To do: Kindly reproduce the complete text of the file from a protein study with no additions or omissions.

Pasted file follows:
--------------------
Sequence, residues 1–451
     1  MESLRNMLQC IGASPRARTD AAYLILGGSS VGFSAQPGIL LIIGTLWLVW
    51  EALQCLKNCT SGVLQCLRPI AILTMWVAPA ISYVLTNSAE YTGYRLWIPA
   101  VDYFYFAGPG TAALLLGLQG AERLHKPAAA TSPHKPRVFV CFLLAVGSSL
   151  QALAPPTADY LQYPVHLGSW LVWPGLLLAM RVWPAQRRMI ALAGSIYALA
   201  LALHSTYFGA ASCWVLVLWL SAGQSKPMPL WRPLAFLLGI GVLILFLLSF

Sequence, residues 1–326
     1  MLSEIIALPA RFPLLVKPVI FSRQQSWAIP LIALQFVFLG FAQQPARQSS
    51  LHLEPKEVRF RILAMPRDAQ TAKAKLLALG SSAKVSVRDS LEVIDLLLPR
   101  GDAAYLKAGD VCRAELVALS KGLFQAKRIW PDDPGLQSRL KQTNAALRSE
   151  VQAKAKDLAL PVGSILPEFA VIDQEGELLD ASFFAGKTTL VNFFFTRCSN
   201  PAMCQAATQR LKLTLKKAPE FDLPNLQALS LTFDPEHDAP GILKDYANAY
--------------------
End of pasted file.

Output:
Sequence, residues 1–451
     1  MESLRNMLQC IGASPRARTD AAYLILGGSS VGFSAQPGIL LIIGTLWLVW
    51  EALQCLKNCT SGVLQCLRPI AILTMWVAPA ISYVLTNSAE YTGYRLWIPA
   101  VDYFYFAGPG TAALLLGLQG AERLHKPAAA TSPHKPRVFV CFLLAVGSSL
   151  QALAPPTADY LQYPVHLGSW LVWPGLLLAM RVWPAQRRMI ALAGSIYALA
   201  LALHSTYFGA ASCWVLVLWL SAGQSKPMPL WRPLAFLLGI GVLILFLLSF

Sequence, residues 1–326
     1  MLSEIIALPA RFPLLVKPVI FSRQQSWAIP LIALQFVFLG FAQQPARQSS
    51  LHLEPKEVRF RILAMPRDAQ TAKAKLLALG SSAKVSVRDS LEVIDLLLPR
   101  GDAAYLKAGD VCRAELVALS KGLFQAKRIW PDDPGLQSRL KQTNAALRSE
   151  VQAKAKDLAL PVGSILPEFA VIDQEGELLD ASFFAGKTTL VNFFFTRCSN
   201  PAMCQAATQR LKLTLKKAPE FDLPNLQALS LTFDPEHDAP GILKDYANAY